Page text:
Hold the phone: Inside the future of Parlophone with new bosses Mark Mitchell and Jack Melhuish

Mark Mitchell’s Parlophone evolution started to take shape last week with the recruitment of new marketing director (and old Atlantic colleague) Jack Melhuish. Here, the reunited pair talk exclusively to Music Week about their vision for the label’s future… Four years ago, Mark Mitchell and Jack Melhuish were working together. Melhuish was marketing director and Mitchell general manager at Atlantic Records as they played their part in the release of Ed Sheeran’s sophomore album, X. It’s fair to say that the campaign went fairly well… “We pretty much took over the iTunes chart with one track release a day leading up the release of X,” laughs Mitchell. “That was a great moment.” “That Ed campaign has acted as a template to refocus my belief in what marketing can be,” adds Melhuish. “Content strategy is something that’s tremendously important now. Audiences want more visual content and we as a label have to be able to produce that to a very high quality. Ed was one of the first campaigns where we really understood the importance of engaging an audience continually through visual content.” “When you have an artist of that scale, you have a confidence that you can try things that are leftfield, you can throw your weight around a little bit,” concludes Mitchell. “That little bit of disruption which gets a lot of headlines and gets people’s attention. Disruption is a word that’s used a lot and, really, what we’re talking about is excitement. Our job as a label is to amplify artist campaigns and make them exciting and, if we’re doing that, then generally we’re doing our job.” Mitchell and Melhuish’s job right now is at a different label – just down the Warner corridors, at Parlophone – but their aim is the same. Having taken over the top job at legendary label – home to Coldplay, Blur, Tinie Tempah and Lily Allen and, once upon a time, The Beatles – from the almost-as-legendary Miles Leonard (still involved in an advisory role), Mitchell’s task is to take that stellar roster, add new talent and retool the company for 2018. Recruiting his old friend Melhuish as director of marketing, strategy and partnerships is the first step in that process. Sitting down for their first interview since Melhuish joined – he left his role as marketing director at Polydor earlier in the year – there’s a distinct air of “getting the band back together”, with Mitchell saying they’ve “slipped back into our way of working very quickly”. “I knew we had a brilliant working relationship and together we’d worked on some huge development campaigns,” says Mitchell on his reasons for recruiting his old mate. “Every label head in the country would say that they’re going to be judged on breaking new artists now, which we all know is incredibly difficult, and Jack and I have a huge history of doing that with UK artists and some American ones as well.” Parlophone was once an A&R hotbed, the first choice for leftfield acts looking to crack the mainstream, but significant breakthroughs – as at most labels – have been comparatively rare in recent times. There are high hopes at the label for the newly-signed likes of Yxng Bane (through its new Disturbing London label JV), Elderbrook and Ashnikko but, with a relatively light release schedule – bar Lily Allen, whose No Shame album charted in the Top 10 on Friday – the execs have what Mitchell calls “a great opportunity to do some planning and work out exactly what needs to be done within the team”. “When Jack left Atlantic, in my slight arrogance I didn’t give him the credit for how much he would learn down the road at Polydor,” admits Mitchell. “He’s come back not only being the Jack I knew when he left but some more as well. It did feel like they were doing something slightly different to a lot of labels, and that’s what I want for Parlophone. He’s brought a brilliant energy into the building and it feels like we’re becoming a truly modern label. We’re going to be judged by breaking new artists and in today’s climate you’ve got to do things differently.” Melhuish also sings the praises of the Polydor set-up and plans to bring a similar “forensic” marketing approach to Parlophone’s operations. “The route to our artists and their art has shifted fundamentally,” he says. “The gatekeepers have changed. But also the life cycle of records and expectations from the audience have shifted. People want more access to the artist’s voice, they want a more regular content strategy. You have to work harder to maintain a connection between the artist and the audience, and campaigns are also longer in terms of the build from track propositions into deeper album or artist propositions. You need a marketing approach that combines creative content commissioning, interesting social activations, influencer strategy and then uses your paid media to amplify that activity, rather than spending into a vacuum.” If that all sounds very futuristic, then you can also expect some old school artist development to be added to the mix. Melhuish cites the opportunity to “work with artists to build and hone their identities, to find creative and disruptive ways to communicate their propositions and their art” as a crucial factor in his return. Mitchell remains a sole co-president for now (“I’ve got Jack and some other great execs to keep me company,” he quips) and, while he notes his incoming co-president (Virgin EMI’s Nick Burgess is understood to be arriving later in the year) will be more active on the A&R side, he’s also eyeing some key signings. “In the opening year of any label head’s tenure you think about the artists you’re signing very, very carefully,” he says. “I’m very aware of the incredible heritage and history of Parlophone. That’s very much in my DNA; I’ve always been interested in leftfield artists who have created huge success. I’m conscious of what we’re signing at the moment. At the same time, we have to have hits and thankfully we’ve had quite a few of those…” Parlophone’s storied history looms large over the label, and Melhuish can’t wait to work on campaigns from the likes of  Gorillaz (who have a new album, The Now Now, out on June 29) and Coldplay. But the pair know they will be judged on breakthroughs – and point to Atlantic-era successes such as Rudimental and Plan B as proof they can deliver. And while those are in the past, Melhuish and Mitchell are now  laser-focused on their vision for Parlophone’s future. “I want our artists to understand our value and be advocates for us as a label,” says Melhuish. “With the new breed of artists coming through, this world can be alien to them and it’s important that we feel like a genuine home for our artists. They need to enjoy coming here and see us as collaborative partners. I want people in the team who potentially come from areas which labels haven’t really engaged with. I want DJs here, photographers, bloggers, journalists, I want managers in the team. That for me is tremendously important, building a team which is reflective of the modern culture economy.” “I want Parlophone to be in the Top 1, 2 or 3 of labels that artists want to sign to,” adds Mitchell. “I want artists to look at Parlophone and think it’s a home for genuine creativity, authenticity and not doing things the normal way. It’s as simple as that.” Can lightning strike twice? Watch this space…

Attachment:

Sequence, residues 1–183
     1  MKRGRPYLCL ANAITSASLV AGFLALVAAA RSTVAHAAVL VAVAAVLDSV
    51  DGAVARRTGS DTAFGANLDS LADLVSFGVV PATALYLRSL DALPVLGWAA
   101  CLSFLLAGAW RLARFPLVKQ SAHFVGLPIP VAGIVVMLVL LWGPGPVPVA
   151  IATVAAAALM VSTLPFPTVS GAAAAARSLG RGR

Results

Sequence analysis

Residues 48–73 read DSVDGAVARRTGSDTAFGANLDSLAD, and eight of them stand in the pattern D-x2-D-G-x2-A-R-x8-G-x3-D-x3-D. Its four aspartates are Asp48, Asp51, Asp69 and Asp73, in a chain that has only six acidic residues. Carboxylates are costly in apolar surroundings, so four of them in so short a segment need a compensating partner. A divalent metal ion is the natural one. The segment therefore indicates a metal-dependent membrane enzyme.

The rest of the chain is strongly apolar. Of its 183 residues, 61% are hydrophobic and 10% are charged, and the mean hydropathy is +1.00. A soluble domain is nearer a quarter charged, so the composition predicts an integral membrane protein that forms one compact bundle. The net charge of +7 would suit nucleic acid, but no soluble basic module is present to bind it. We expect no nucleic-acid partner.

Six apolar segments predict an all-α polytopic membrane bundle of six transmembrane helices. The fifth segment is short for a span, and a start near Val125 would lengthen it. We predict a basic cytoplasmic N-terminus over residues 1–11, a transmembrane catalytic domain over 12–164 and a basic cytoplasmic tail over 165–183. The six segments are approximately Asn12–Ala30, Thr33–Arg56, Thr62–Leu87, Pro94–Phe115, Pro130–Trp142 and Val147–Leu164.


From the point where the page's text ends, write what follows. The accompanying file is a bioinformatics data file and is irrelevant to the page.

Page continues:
Hold the phone: Inside the future of Parlophone with new bosses Mark Mitchell and Jack Melhuish